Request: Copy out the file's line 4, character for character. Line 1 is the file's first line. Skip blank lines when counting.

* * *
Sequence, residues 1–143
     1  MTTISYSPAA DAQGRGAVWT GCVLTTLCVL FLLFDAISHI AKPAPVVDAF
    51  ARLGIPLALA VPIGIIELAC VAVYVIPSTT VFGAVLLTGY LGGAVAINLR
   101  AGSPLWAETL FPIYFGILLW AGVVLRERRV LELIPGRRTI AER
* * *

   101  AGSPLWAETL FPIYFGILLW AGVVLRERRV LELIPGRRTI AER